92 JESUS A D THE THREE the town of Mary and her sister Martha." The tune of this sickness was just at the conclusion of our Saviour's ministry. Jesus loved the fiunily to which Lazarus belonged, and seems often to have taken up His abode in their house. When informed first that Lazarus was sick, he

was in Galilee, at a considerable distance from Bethany, a smaU town, or village, not fer frtjm Jerusalem. The sisters of Lazarus, Mary and Martha, '' sent unto Him, saying. Lord, behold, he whom Thou lovest is sick. When Jesus heard that. He said. This sickness is not unto death, but for the glory of God, that the Son of God might be glorified thereby." The whole subsequent history of this miracle is so very well known, that I do not think it requisite to enter on it in detail. I would, however, remark, as specially connected with the present subject, that, after Jesus had heard of Lazarus being sick, ''He abode two days still in the same place where He was." Then He went down into Judsea. And when He reached Bethany, " He found that Lazarus had laid in his grave four days already." X pass over all that blessed and consolatory narrative, telling of all His sympathy and love towards the mourners and bereaved. I pass over too all that glorious doctrine on the resurrection unto eternal life, assured to every believer in Christ ; and I go on to the performance of His miraculous act. Jesus "cometh to the grave. It was a cave, and a stone lay upon it. Jesus said. Take ye away the stone." Martha now interrupts.

WHOM HE BAISSD FBOM THK DEAD. 93 In her knowledge that her brother's death was no recent thmg of a few hours or even of a day — in her experience, such as easterns all have, as to what corruption does in a brief period of time — in her utter hopelessness, or at all evente in faltering faith, of receiving her brother, as a living brother again in this present world, she thus addressed Jesus: ''Lord, by this time he stinketh : for he hath been dead four days. Jesus said unto her, Said I not unto thee, that, if thou wouldest believe, thou shouldest see the glory of Grod ? Then they took away the stone from the place where the dead was laid. And Jesus lifted up His eyes, and said. Father, I thank Thee that Thou hast heard Me. And I knew that Thou hearest Me always : but because of the people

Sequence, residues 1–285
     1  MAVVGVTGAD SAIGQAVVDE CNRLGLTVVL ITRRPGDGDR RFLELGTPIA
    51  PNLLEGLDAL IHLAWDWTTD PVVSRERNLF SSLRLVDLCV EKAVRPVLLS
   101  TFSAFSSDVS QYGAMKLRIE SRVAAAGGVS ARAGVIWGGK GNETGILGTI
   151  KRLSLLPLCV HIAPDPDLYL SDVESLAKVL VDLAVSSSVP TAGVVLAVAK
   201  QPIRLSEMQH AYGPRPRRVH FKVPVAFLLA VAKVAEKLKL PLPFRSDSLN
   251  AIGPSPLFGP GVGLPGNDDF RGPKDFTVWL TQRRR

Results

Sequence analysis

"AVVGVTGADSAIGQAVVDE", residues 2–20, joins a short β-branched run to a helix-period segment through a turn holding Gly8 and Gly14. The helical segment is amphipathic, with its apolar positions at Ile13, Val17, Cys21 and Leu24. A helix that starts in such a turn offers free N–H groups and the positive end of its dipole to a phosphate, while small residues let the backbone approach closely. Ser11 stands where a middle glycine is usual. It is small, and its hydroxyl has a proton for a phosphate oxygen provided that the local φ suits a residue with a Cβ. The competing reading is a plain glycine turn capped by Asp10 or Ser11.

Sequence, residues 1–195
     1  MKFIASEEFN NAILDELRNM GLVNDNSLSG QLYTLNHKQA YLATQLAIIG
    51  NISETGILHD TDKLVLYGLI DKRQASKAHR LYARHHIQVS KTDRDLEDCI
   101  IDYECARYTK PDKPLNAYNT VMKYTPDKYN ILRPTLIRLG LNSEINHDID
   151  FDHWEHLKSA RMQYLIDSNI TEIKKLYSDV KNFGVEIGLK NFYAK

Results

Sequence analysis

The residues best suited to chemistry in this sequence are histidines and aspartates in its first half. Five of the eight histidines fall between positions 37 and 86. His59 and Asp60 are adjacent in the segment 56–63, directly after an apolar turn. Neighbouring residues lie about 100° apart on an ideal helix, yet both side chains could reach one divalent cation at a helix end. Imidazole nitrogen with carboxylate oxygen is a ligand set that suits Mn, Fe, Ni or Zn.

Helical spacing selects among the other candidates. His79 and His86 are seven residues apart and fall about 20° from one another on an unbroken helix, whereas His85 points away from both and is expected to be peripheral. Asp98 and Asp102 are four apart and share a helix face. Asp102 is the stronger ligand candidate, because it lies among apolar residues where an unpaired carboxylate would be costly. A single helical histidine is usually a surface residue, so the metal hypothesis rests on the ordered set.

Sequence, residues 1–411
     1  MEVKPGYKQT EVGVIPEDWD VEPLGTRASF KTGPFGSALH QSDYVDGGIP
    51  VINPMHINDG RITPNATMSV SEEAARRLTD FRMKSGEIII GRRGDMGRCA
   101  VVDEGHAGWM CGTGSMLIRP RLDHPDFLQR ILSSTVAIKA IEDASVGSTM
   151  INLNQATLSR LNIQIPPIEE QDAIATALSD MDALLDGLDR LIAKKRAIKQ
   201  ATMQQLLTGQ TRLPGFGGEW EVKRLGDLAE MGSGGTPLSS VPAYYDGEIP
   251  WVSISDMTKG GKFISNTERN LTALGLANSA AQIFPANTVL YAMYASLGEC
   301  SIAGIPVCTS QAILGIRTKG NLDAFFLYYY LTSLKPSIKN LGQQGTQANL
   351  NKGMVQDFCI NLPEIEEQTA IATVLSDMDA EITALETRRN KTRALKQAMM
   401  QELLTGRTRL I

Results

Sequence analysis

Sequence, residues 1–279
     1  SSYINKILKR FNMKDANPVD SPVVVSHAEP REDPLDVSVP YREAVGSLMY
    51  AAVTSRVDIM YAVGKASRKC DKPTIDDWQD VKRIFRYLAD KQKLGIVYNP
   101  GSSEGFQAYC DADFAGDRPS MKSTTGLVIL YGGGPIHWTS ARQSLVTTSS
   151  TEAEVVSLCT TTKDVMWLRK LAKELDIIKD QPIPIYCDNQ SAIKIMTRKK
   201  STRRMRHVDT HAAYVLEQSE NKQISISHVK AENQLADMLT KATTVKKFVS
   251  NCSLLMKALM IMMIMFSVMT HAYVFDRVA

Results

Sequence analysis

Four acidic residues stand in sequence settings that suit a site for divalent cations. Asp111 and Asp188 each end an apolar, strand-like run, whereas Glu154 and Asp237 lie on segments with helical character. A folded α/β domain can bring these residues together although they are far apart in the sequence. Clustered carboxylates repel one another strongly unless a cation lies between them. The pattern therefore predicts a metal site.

which stand by I said it, that they may believe that Thou hast sent Me. And when He had thus spoken, He cried with a loud voice, Lazarusy come forth. And He that was dead came forth, bound hand and foot with graveclothes^ : and his face was bound about with a napkin. Jesus saith unto them. Loose him, and let him go." Such was the thh-d and last raising from the dead at the living voic^ of Jesus Christ on the earth. The publicity of this act was so great, its glory so conspicuous, and its fitness to prove the c " When Lazarus was raised, it is said that he came forth boand hand and foot with graveclothes, to note that he was not out as a victor over deaths unto which he came to return again ; but when Christ rose, he left them behind, because death was to have no more power over him." Reynolds, Life of Christ, 523-4.

94 JESUS A D THE THREE mission of the Saviour so evident to all eyes, that immediately it follows : " many which had seen the things which Jesus did believed on Him." This is the bright point. The dark one is next told. And no darker spot or blot ever stained and defiled the history of fallen man. "Some of them" — informers, watching Jesus for evU. and, perhaps, in the Pharisees' pay-" some of them went their ways to the Pharisees, and told them what things Jesus had done. Then gathered the chief priests and the Pharisees a council, and said, What do we? for this man doeth many miracles." Like so many proud and selfish spirits of all ages and climes, they could not bear to be cast into the shade, nor to lose their influence. They could not brook one superior to themselves. And led by the advice of the wicked Oaiaphas, who spumed all justice and truth with the word " expedient'^ — (branded among us ever since, and rightly branded too, as a word of infamy) " they from that day forth took counsel to put Jesus to death." And in their design they succeeded, for the powers of darkness were with them, and they were to have their hour, in which